Many food and drink companies are using the pint half full philosophy at this present moment in time and are looking to broaden their horizons, using the opportunities thrown up by the referendum decision to leave the European Union to find new international trading partners.
Food & Drink Report 2017
The latest Food & Drink Report 2017 found that nearly 70% of companies are investing in finding and securing new international customers, this is compared to just 55% the year before. Over 40% are looking for new customers in the EU with just under 40% looking for new customers further afield.
Further good news in the report came in the news that 28% of food and drink companies were looking to export for the very first time in the next 5 years. The falling pound has certainly helped to secure new business overseas.
Challenges Ahead For The Food & Drink Industry
Although companies were striving to boost their export sales over the coming months and years there is no doubt that there are plenty of challenges ahead for them. Breaking new markets means dealing with lots of new regulatory issues and red tape and there are also various political influences that have to be negotiated through. But where there is a will there is a way and it is good to see so many UK firms forging ahead, looking to expand and grow their business to all parts of the world.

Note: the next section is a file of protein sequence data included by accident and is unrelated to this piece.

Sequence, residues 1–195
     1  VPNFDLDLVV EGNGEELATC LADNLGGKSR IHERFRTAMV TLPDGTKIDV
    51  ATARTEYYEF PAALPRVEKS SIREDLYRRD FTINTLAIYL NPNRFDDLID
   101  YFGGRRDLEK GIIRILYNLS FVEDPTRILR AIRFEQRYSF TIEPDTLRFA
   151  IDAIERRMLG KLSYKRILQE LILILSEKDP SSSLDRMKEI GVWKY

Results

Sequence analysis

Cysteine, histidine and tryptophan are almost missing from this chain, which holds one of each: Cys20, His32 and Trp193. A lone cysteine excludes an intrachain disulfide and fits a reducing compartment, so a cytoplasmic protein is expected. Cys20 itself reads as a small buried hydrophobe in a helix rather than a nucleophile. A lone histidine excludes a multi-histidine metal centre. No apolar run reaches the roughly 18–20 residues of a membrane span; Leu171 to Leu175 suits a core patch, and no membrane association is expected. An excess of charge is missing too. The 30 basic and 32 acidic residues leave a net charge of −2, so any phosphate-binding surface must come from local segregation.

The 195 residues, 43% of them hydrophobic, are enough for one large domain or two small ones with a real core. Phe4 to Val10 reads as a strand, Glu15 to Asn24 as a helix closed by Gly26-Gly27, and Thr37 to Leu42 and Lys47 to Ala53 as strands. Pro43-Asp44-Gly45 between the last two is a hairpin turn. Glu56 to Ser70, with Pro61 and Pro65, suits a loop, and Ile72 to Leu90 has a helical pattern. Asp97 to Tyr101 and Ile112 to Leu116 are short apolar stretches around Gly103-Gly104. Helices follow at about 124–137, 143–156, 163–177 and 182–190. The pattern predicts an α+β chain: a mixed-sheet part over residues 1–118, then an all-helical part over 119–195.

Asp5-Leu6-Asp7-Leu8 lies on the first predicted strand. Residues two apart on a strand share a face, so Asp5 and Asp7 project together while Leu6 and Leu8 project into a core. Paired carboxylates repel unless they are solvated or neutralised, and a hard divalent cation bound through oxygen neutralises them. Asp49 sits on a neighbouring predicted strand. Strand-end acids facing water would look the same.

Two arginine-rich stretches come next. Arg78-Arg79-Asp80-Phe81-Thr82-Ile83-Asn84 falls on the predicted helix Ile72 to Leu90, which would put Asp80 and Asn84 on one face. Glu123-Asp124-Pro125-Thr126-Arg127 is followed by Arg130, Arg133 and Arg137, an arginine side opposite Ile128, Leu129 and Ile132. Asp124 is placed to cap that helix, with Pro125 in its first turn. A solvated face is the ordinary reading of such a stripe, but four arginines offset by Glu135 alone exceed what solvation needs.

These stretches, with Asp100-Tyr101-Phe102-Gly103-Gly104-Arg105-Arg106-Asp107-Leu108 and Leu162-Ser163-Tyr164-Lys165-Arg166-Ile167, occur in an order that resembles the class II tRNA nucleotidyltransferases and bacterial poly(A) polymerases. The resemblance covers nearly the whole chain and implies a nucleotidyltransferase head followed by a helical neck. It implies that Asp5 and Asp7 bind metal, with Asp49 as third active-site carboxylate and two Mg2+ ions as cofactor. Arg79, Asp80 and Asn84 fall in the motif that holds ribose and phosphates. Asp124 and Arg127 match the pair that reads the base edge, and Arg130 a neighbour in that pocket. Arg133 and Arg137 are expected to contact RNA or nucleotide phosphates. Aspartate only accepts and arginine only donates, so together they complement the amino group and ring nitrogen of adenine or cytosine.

Speaking about the report Elena Paitra, Managing Director of Food, Beverages and Tobacco, Lloyds Bank Commercial Banking said: “Uncertainty surrounding last year’s EU Referendum vote had slowed down the UK food and drink industry’s aspirations in the short term. But, this year’s survey shows that while uncertainty remains, companies are moving on from Brexit and re-focusing efforts on achieving growth and increasing confidence.
“Buoyed by the depressed pound, many more firms are targeting growth overseas, with almost as many firms looking beyond the EU as within it.
“The cost of labour is by far the biggest challenge that the industry faces and firms are trying to mitigate these challenges by improving efficiency and productivity through cost cutting, upskilling of labour force and investing in R&D, innovation and automation.
“Last year was a record-breaking year for food and drink exports and firms seem optimistic that momentum will be maintained in 2017. The sector is gaining confidence and businesses are positive about job creation.” This quote was taken from the New Food Magazine